Colorado Decides Whether To Legalize Recreational Pot
DENVER (AP) — Marijuana for recreational use has been perhaps the biggest political question facing Colorado voters outside the tight presidential contest — and both were far from certain as Election Day opened.
Twelve years after making marijuana legal for people with certain medical conditions, voters were deciding Tuesday whether to allow pot for recreational use, too. If approved, the constitutional amendment would set up a direct challenge to federal drug law.
Amendment 64 would allow adults over 21 to possess up to an ounce of marijuana but not use it publicly. The amendment also would allow people to grow up to six marijuana plants in a private, secure area.
Commercial pot sales also would be allowed. Colorado has 536 marijuana dispensaries, but only people with state-approved medical licenses to use the drug can shop in them.
Amendment 64 wouldn’t limit marijuana access to state residents. That means that if the measure is approved, out-of-state visitors would be free to buy and use marijuana while in Colorado. That’s no small consideration for a state where tourism is the No. 1 industry.
Colorado voters rejected a ballot measure to legalize pot in 2006. This year’s version is dramatically different, though. It sets up state regulation of the drug and directs lawmakers to approve an excise tax and send up to $40 million a year to schools. Estimates varied widely on how much such a tax would actually raise.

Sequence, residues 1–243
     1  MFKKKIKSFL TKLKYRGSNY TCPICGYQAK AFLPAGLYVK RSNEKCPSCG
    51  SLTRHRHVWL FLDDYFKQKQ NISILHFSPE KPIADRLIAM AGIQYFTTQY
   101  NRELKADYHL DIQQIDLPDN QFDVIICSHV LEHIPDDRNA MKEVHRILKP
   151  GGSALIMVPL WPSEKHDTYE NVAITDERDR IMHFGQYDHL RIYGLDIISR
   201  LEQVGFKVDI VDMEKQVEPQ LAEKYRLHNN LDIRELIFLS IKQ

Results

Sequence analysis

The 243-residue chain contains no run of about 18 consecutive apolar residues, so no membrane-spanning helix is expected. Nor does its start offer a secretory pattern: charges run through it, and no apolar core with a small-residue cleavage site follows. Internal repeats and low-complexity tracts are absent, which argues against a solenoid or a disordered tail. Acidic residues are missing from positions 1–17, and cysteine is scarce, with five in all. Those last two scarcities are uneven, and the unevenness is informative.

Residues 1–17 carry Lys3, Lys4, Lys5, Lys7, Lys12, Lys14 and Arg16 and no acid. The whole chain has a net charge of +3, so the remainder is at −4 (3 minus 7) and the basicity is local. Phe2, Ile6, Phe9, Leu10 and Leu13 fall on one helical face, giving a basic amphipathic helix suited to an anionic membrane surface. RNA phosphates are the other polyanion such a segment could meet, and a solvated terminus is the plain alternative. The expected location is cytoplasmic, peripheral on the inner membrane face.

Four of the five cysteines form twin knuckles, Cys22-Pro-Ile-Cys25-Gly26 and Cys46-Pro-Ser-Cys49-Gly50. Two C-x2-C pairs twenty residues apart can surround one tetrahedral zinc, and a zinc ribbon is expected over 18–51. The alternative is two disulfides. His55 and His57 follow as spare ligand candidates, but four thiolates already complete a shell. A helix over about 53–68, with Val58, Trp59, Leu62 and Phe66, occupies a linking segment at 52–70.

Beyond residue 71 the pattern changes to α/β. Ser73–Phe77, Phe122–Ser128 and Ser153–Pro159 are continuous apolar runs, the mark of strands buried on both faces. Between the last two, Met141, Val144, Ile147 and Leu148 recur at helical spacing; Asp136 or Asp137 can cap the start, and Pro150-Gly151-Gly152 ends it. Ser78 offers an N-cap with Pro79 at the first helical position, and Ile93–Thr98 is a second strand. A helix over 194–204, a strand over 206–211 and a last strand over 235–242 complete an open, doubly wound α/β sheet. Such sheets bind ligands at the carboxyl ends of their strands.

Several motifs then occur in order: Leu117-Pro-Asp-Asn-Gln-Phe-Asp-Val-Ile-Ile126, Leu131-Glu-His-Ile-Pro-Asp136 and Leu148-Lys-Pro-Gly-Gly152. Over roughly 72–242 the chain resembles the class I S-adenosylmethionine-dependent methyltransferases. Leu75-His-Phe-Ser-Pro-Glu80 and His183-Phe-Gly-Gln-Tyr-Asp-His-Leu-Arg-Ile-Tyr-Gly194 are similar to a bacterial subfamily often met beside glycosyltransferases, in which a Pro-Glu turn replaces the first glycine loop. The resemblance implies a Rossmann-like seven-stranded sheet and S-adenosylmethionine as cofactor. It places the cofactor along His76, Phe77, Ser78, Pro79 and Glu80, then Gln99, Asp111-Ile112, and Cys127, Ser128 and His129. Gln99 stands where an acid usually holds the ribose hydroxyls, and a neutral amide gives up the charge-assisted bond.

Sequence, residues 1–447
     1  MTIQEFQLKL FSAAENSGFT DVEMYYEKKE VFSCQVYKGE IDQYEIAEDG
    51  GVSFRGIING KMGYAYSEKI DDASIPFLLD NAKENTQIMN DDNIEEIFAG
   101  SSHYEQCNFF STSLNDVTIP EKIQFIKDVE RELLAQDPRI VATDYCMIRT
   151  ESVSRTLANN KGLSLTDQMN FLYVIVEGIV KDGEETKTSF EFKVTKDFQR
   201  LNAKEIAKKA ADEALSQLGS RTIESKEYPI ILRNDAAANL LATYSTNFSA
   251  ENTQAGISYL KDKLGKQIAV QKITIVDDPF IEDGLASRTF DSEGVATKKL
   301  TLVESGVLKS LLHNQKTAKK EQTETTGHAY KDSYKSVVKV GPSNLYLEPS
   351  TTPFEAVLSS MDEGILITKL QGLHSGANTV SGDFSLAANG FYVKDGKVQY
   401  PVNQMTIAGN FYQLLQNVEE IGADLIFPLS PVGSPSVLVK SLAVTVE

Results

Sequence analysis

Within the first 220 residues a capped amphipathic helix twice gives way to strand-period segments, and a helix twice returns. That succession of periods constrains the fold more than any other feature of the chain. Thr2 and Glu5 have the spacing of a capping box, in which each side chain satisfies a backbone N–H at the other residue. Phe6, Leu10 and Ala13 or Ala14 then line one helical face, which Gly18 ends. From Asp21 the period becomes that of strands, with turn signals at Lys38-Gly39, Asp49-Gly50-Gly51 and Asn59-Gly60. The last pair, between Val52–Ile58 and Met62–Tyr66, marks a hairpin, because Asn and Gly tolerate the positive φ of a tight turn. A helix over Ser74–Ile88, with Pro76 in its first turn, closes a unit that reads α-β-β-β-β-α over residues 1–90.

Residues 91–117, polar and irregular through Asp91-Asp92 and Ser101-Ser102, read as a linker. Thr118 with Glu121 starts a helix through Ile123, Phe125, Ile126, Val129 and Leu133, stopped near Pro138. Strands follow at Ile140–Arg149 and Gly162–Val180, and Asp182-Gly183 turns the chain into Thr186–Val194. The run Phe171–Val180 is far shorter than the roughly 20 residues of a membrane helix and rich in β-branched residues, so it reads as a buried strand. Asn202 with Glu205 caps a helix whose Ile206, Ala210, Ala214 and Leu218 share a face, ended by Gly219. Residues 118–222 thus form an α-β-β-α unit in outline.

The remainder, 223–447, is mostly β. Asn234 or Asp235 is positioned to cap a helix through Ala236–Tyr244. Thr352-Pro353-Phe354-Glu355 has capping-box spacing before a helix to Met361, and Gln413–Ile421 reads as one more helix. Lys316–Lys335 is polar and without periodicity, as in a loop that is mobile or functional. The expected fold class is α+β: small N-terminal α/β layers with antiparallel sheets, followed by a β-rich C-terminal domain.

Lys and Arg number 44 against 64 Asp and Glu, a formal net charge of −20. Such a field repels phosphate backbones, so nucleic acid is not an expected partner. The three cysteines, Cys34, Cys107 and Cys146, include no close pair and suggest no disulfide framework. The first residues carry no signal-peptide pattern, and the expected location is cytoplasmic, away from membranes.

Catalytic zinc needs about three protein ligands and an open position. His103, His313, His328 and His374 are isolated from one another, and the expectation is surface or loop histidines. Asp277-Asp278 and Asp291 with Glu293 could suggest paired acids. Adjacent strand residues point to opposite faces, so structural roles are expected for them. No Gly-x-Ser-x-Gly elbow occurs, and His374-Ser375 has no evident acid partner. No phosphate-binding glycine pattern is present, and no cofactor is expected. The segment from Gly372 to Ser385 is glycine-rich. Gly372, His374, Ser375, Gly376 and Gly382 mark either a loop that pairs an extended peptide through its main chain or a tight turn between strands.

Amendment 64 also states that local governments can ban commercial marijuana sales and that employers would be free to continue banning marijuana use by workers.
Public polling on the measure has been limited, but surveys taken last month showed enough undecided voters to give the proposal a shot. The amendment’s backers, the Campaign to Regulate Marijuana Like Alcohol, spent more than $1.6 million promoting the measure, according to filings with Colorado’s secretary of state.
Marijuana legalization measures were also before voters in Oregon and Washington state Tuesday.
Seventeen states and Washington, D.C., currently flout federal drug law by allowing people with certain medical conditions to use marijuana. Arkansas and Massachusetts voters were considering joining that list on Tuesday.
In Colorado, many public officials from both parties opposed marijuana legalization, including Democratic Gov. John Hickenlooper. Opponents argued it could make pot easier for children to get and would set up Colorado for expensive legal battles with the federal government.
Supporters argued that regulating marijuana could make it harder, not easier, for young people to acquire. A jingle advertising the measure went, “We can make it harder for the kids to buy — sell it like a bottle of wine.”
Supporters also argued that marijuana legalization could save law enforcement and court costs.
By Kristen Wyatt, AP Writer (© Copyright 2012 The Associated Press. All Rights Reserved. This material may not be published, broadcast, rewritten or redistributed.)